Thursday, May 2, 2013

Eastern Conference Quarterfinals Game 6, Bulls-Nets: I Have A Bad Feeling About This

Chicago Bulls 92, Brooklyn Nets 95

I wasn't able to take notes during the first half of this one, so I'll just go ahead and skip right to the second half (this is the NBA after all, so that's probably a fair thing to do every time). 

Nonetheless, the Bulls, again with Kirk Hinrich, have up a whopping 60 first half points, with Deron Williams scoring 14 on 5-for-9 from the field. For all of the criticism Hinrich took throughout the system--some warranted, but most of it not--it's pretty well obvious by this point that the Bulls were going to have a rough go of it without him on the defensive end. Every defensive set begins with on-the-ball defense, and when you don't have your most effective player executing that role, the rest of the defense will struggle. 

The Bulls took a 60-54 deficit into the second half, which reminded me of the Michigan-Kansas game for the simple fact that it felt as if the Brooklyn lead could and probably should have been much greater than it was. 

To make matters worse, the Bulls were also without the services of Luol Deng, so it was encouraging to see them drop 54 in the first half. Still, the second half would be a struggle to keep up and continue to find enough production to stay with the Nets. 

Nate Robinson buried a trey to open the second half, cutting the lead to three, but the Nets quickly built it back up to eight in the ensuing minutes. 

Later in transition, Robinson attacked the rim and dished to an open Marco Belinelli in the corner, who nailed the three to cut the Nets lead to 69-68. Luckily for the Bulls, it wasn't an exceptionally well-played quarter for either team, but Chicago made enough plays on the defensive end to keep the game from getting away from them before the final frame. 

The scraptastic Bulls took a four point deficit into the final quarter, and the two teams continued to engage in trench warfare through the first five minutes, scoring eight points apiece. 

Despite the Bulls' inability to tie the game up for the first time since late in the first quarter, they did do an admirable job of locking down on Williams and Brook Lopez in the second half; they scored a combined one point through the first 18 minutes of the second half. Williams scored his first second half points at the line at the 5:24 mark of the fourth quarter. 

Although the Bulls were ahead in the series, the sense of desperation was palpable as the contest entered its final five minutes. Robinson buried a long jumper to cut the lead to two with under five to go, but a Lopez jam at the other end once again pushed the pendulum back slightly in Brooklyn's direction. The game felt like a Big Ten contest, in which a two possession deficit might as well be an insurmountable hill to climb.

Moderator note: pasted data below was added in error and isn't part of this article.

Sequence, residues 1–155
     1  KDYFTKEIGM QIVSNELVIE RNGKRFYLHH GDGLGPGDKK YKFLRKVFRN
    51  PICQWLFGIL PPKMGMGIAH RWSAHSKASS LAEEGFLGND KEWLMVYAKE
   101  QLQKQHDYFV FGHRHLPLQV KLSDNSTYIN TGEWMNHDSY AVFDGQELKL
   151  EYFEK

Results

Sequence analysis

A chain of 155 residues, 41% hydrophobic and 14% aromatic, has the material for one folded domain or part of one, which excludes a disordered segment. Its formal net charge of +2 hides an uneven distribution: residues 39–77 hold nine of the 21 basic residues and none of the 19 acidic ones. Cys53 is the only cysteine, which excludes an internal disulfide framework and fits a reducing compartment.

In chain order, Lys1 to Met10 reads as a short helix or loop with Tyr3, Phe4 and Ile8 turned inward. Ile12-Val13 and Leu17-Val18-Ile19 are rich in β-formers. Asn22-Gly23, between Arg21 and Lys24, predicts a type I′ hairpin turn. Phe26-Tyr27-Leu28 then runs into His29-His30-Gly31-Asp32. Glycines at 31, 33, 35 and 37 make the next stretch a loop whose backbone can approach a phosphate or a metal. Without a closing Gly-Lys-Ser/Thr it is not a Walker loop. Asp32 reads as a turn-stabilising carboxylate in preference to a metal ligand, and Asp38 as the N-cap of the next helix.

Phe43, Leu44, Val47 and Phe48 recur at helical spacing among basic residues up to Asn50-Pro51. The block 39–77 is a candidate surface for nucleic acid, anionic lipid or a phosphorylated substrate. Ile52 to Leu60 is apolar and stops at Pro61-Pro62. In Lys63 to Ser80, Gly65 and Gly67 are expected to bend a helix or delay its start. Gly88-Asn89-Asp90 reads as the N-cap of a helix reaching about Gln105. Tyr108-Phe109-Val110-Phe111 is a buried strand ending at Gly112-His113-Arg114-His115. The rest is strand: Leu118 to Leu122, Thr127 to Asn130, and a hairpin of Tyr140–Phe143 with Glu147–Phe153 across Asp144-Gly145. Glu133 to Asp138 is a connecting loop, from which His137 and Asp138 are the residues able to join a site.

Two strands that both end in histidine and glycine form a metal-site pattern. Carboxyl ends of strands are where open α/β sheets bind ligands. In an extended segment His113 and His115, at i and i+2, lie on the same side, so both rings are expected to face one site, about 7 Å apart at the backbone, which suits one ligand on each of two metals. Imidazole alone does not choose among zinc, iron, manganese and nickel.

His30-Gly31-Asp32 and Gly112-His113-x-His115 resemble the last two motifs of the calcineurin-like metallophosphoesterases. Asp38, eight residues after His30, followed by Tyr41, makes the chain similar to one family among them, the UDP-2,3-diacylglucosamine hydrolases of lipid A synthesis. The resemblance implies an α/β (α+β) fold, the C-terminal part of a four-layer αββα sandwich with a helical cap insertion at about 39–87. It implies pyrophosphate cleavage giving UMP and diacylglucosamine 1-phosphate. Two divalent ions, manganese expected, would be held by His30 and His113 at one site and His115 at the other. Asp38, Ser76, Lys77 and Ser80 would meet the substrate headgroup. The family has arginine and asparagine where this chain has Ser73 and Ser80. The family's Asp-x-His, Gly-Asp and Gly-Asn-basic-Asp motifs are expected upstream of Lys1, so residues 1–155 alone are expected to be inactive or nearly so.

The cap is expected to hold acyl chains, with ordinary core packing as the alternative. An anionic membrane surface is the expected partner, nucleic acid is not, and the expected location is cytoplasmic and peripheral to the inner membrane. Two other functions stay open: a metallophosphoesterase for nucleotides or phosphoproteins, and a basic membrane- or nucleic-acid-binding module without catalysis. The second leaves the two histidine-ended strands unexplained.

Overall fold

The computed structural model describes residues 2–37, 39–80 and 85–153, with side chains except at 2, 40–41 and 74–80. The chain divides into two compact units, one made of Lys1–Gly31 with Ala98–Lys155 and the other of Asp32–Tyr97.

A Belinelli trey with just over two to go cut the lead to two once again, as the Bulls looked to steal a win in a game they were trailing for most of the time. Unfortunately, Andray Blatche hit an acrobatic spinning jumper at the other end, but the Bulls again cut it to two. On the next defensive possession, Noah swatted Blatche's shot from the left side, but failed to connect on a strong drive to the rim. The sequence ended with a loose ball foul on Carlos Boozer, his fifth, forcing Nazr Mohammed into action (Taj Gibson had already fouled out). 

Blatche went to the line and misfired on his first attempt. The United Center crowd, standing, couldn't coerce him into a second miss. With 32 seconds to go, the lead was now 93-90. 

The Bulls opted for two, hitting Mohammed for an easy bucket at the rim. Chicago couldn't get the Nets to hit Blatche on the ensuing sideline inbounds, but a trap of Deron Williams did force another timeout and allow for another opportunity to do so. 

The Bulls succeeded this time, but Blatche, a 69% free throw shooter during the regular season, buried both free throws with aplomb amid the din. 

The Bulls' final possession began with Nate Robinson dribbling around, falling, and a pass being deflected out of bounds off of a Brooklyn player. On the inbound, Robinson found Belinelli for a good look in the corner to tie, but he shot it long and Noah stepped out of bounds after corralling the ball. 

In a fortuitous sequence, the Bulls forced a jump ball situation, with Noah going up against Williams. Alas, it didn't matter, and the Bulls never got one final shot. The Bulls fell, 95-92, and the series moves back to the Barclays Center, tied at three games apiece. 

And so, the dreaded Game Six loss at home came to pass. After having been up 3-1 in the series, it's difficult to imagine the Bulls having one more win in them. Then again, it's not as if this Bulls season hasn't been a ceaseless paved with surprise after surprise, loping along clunkily but endearingly. 

Nonetheless, unless Kirk Hinrich and Luol Deng both suit up in Game 7, we may be left channeling our inner Denny Green

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